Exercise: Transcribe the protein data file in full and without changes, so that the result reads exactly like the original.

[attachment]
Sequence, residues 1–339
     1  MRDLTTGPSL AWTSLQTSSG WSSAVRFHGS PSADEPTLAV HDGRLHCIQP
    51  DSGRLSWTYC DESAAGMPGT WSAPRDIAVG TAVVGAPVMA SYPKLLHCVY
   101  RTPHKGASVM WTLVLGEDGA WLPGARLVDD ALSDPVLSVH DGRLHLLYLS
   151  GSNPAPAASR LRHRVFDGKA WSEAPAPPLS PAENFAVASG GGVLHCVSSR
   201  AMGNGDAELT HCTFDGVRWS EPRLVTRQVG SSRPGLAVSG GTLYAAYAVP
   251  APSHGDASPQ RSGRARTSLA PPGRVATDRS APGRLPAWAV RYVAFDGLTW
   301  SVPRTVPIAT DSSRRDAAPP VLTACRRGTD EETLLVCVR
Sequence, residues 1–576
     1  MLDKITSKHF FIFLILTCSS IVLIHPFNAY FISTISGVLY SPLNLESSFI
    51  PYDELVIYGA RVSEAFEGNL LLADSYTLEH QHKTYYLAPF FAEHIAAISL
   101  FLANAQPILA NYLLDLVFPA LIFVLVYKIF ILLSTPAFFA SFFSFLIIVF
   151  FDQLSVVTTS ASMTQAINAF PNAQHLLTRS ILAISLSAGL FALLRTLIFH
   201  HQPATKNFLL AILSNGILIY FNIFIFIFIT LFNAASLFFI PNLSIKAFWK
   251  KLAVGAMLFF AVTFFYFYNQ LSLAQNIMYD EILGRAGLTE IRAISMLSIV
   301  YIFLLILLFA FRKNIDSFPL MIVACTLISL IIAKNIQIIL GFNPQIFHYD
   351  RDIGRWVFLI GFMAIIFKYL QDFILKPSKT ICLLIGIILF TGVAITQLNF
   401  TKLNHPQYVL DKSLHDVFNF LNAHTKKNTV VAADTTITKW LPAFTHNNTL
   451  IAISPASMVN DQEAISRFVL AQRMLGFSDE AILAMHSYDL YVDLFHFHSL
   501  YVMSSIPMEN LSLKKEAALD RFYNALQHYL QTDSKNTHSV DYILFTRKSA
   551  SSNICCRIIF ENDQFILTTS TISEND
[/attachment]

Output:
Sequence, residues 1–339
     1  MRDLTTGPSL AWTSLQTSSG WSSAVRFHGS PSADEPTLAV HDGRLHCIQP
    51  DSGRLSWTYC DESAAGMPGT WSAPRDIAVG TAVVGAPVMA SYPKLLHCVY
   101  RTPHKGASVM WTLVLGEDGA WLPGARLVDD ALSDPVLSVH DGRLHLLYLS
   151  GSNPAPAASR LRHRVFDGKA WSEAPAPPLS PAENFAVASG GGVLHCVSSR
   201  AMGNGDAELT HCTFDGVRWS EPRLVTRQVG SSRPGLAVSG GTLYAAYAVP
   251  APSHGDASPQ RSGRARTSLA PPGRVATDRS APGRLPAWAV RYVAFDGLTW
   301  SVPRTVPIAT DSSRRDAAPP VLTACRRGTD EETLLVCVR
Sequence, residues 1–576
     1  MLDKITSKHF FIFLILTCSS IVLIHPFNAY FISTISGVLY SPLNLESSFI
    51  PYDELVIYGA RVSEAFEGNL LLADSYTLEH QHKTYYLAPF FAEHIAAISL
   101  FLANAQPILA NYLLDLVFPA LIFVLVYKIF ILLSTPAFFA SFFSFLIIVF
   151  FDQLSVVTTS ASMTQAINAF PNAQHLLTRS ILAISLSAGL FALLRTLIFH
   201  HQPATKNFLL AILSNGILIY FNIFIFIFIT LFNAASLFFI PNLSIKAFWK
   251  KLAVGAMLFF AVTFFYFYNQ LSLAQNIMYD EILGRAGLTE IRAISMLSIV
   301  YIFLLILLFA FRKNIDSFPL MIVACTLISL IIAKNIQIIL GFNPQIFHYD
   351  RDIGRWVFLI GFMAIIFKYL QDFILKPSKT ICLLIGIILF TGVAITQLNF
   401  TKLNHPQYVL DKSLHDVFNF LNAHTKKNTV VAADTTITKW LPAFTHNNTL
   451  IAISPASMVN DQEAISRFVL AQRMLGFSDE AILAMHSYDL YVDLFHFHSL
   501  YVMSSIPMEN LSLKKEAALD RFYNALQHYL QTDSKNTHSV DYILFTRKSA
   551  SSNICCRIIF ENDQFILTTS TISEND